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Matt Hancock issues warnings that the lockdown could spread across the country



By David Churchill

What happened to the coronavirus to raise such concerns?

A new strain of Covid has developed that is said to be spreading much faster. A "strain" is a new version of a virus that has genetic mutations. The new strain is a version of Sars-Cov-2, the coronavirus that causes Covid-19.

It was named VUI-202012/01. These letters and numbers stand for "investigated variant" and the month of December 2020.

What makes it so worrisome?

This special variant is defined by up to 17 changes or mutations in the coronavirus spike protein. It's the combination of some of these changes that scientists think could make it more contagious.

It is believed that they could help the virus' spike protein attach to human cells and gain easier access.

Is it certain that the new variant will accelerate the spread of the virus?

No, but scientists say preliminary evidence suggests it.

Boris Johnson said it can spread up to 70 percent easier than other strains of the virus, potentially increasing the "R-rate" – which measures how quickly the virus spreads – significantly.

On Saturday night, Mr Johnson said it could increase the "R-Rate" by up to 0.4.

This would be especially important in areas like east England where it is 1.4 and both London and the South East where it is 1.3. The & # 39; R rate & # 39; must stay below 1 for infections to decrease.

Is the new variant more dangerous?

Scientists don't believe that for the time being. When asked on Saturday night whether it was more deadly than the previous exposure, Chief Medical Officer Professor Chris Whitty said, "The answer seems to be 'no' as far as we can tell at the moment."

Dr. Public Health England's Susan Hopkins said yesterday that there was evidence that people with the new variant had higher viral loads.

But she said that didn't mean people were getting sick.

Ravi Gupta, Professor of Clinical Microbiology at the University of Cambridge, said, "People are unlikely to get sick, but it could make it difficult to control."

If the virus becomes difficult to control and hospitals are overrun, it could present new challenges.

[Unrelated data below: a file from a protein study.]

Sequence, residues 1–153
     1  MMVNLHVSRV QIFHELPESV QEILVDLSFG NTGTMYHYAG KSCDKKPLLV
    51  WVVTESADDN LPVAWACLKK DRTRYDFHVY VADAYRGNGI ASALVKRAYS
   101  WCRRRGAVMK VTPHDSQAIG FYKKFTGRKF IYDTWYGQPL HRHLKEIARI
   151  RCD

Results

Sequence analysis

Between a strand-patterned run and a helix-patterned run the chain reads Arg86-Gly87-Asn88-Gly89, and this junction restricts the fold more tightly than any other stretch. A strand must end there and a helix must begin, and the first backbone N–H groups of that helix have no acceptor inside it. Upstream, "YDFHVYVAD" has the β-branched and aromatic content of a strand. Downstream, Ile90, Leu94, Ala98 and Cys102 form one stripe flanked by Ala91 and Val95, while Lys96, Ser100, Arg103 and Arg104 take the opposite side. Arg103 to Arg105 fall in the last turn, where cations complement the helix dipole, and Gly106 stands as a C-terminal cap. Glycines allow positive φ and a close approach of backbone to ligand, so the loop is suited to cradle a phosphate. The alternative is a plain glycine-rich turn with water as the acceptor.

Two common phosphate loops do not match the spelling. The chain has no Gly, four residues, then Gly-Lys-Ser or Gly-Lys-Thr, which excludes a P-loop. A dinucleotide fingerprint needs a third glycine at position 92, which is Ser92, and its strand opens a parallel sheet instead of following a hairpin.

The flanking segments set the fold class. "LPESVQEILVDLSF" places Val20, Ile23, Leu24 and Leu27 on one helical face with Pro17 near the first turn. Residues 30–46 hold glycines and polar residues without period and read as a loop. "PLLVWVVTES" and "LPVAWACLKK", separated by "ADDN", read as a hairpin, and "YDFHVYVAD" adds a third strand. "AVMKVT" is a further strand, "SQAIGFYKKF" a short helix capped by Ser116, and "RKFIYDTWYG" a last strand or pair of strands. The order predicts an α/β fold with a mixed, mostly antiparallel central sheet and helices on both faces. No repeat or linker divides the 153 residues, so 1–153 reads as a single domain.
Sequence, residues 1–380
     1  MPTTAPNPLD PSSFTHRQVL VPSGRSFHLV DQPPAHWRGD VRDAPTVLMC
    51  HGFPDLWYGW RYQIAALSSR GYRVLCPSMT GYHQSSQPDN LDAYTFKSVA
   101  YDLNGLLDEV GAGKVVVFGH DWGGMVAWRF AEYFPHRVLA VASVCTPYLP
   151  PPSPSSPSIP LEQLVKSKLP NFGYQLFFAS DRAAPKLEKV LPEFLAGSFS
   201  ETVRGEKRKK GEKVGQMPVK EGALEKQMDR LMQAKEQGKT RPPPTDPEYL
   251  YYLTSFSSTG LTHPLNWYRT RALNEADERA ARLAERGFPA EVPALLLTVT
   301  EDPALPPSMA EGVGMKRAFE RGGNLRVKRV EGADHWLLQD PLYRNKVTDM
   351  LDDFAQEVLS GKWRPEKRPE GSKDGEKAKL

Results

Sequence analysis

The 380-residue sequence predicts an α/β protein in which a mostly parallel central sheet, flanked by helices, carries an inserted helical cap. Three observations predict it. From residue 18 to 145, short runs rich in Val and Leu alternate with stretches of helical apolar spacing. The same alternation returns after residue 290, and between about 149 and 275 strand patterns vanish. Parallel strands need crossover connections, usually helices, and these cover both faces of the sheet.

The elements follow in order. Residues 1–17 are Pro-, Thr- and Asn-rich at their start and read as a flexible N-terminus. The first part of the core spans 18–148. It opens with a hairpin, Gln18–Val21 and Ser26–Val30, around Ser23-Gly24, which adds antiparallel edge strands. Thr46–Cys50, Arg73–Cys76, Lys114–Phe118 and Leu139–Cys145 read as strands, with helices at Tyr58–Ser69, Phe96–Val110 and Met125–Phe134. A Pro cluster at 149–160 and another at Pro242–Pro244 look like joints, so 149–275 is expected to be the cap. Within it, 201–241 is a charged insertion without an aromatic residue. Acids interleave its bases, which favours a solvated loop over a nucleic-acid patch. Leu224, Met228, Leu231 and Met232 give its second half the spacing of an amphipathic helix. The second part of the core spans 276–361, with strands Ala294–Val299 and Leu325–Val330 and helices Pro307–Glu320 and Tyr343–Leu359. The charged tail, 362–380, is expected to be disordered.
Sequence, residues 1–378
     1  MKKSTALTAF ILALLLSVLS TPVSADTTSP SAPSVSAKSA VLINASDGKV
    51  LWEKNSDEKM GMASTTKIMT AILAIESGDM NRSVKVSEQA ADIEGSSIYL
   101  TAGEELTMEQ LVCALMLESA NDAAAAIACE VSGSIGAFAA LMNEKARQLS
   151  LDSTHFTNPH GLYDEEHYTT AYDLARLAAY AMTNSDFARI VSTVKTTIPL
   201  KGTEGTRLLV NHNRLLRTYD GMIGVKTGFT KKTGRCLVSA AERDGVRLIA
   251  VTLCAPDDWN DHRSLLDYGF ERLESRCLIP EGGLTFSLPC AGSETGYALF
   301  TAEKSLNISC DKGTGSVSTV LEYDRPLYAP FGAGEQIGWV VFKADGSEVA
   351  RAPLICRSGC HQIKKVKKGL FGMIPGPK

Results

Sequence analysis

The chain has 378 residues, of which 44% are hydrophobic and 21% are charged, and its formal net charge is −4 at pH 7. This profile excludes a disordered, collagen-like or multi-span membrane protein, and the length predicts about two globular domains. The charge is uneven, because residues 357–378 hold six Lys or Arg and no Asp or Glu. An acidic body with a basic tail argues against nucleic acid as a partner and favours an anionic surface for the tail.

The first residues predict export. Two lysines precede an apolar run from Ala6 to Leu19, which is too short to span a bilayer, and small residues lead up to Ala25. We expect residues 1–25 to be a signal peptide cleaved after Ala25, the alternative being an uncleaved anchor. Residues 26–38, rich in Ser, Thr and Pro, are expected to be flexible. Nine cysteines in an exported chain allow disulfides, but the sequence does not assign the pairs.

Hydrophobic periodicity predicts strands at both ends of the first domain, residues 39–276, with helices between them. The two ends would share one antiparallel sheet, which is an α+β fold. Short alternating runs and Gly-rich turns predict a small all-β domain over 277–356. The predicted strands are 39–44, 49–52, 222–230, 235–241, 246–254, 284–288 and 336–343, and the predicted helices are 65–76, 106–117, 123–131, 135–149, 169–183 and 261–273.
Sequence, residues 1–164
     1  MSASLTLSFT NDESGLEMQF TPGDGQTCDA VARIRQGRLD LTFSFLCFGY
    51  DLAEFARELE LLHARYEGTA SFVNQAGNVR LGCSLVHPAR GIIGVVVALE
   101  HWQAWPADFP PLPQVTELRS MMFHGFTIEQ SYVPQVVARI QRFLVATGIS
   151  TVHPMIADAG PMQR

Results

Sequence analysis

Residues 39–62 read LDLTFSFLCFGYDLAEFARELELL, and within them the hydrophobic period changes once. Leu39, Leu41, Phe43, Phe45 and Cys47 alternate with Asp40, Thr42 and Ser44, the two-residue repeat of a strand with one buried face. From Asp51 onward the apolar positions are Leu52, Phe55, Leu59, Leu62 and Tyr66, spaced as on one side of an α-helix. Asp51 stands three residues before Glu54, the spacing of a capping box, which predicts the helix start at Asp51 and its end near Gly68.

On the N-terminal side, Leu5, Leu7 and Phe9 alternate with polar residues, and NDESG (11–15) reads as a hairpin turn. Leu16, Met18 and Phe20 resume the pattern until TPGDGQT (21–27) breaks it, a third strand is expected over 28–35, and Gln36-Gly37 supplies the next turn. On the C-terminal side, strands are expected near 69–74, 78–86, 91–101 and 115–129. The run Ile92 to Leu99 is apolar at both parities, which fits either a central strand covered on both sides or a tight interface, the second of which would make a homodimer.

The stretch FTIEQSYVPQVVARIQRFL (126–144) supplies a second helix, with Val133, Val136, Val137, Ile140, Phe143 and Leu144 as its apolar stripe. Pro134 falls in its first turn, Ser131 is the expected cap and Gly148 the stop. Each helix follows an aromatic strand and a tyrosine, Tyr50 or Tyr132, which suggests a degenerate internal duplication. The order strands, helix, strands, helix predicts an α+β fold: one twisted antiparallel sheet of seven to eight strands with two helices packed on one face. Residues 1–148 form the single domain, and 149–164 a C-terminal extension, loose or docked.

Are mutations unusual?

Seasonal influenza mutates every year. Variants of Sars-Cov-2 have also been seen in other countries such as Spain.

However, one scientific paper suggests that the number and combination of changes that have occurred in this new variant may be "unprecedented".

It is believed that most of the mutations observed so far occurred more slowly. Most of the changes also don't affect how easily the virus spreads.

There are already around 4,000 mutations in the spike protein gene.

What caused the mutation?

This is still being investigated. One theory is that a growing natural immunity in the UK population, making the virus difficult to spread, may have forced it to adapt.

Another theory is that it developed in chronically ill patients who fought the virus for a long time and then passed it on to others.

Prof. Paul Hunter, professor of medicine at the University of East Anglia, said yesterday that this was "plausible" and "very likely".

However, he stressed that at the moment it is impossible to prove it.

What evidence is there to support the latter theory?

Some evidence of this was discovered when virus samples were collected from a Cambridge patient. They had been treated with convalescent plasma – blood plasma containing antibodies from a recovered patient.

It is possible that during this treatment the virus may mutate and develop more resistance to the antibodies. This patient died of the infection, but it is also possible that the mutation occurred elsewhere.

An article co-authored by Andrew Rambaut, Professor of Molecular Evolution at the University of Edinburgh, states: “When antibody therapy is administered after many weeks of chronic infection, the virus population can be unusually large and genetically diverse … which sets the stage for it the rapid fixation of multiple virus genetic changes. & # 39;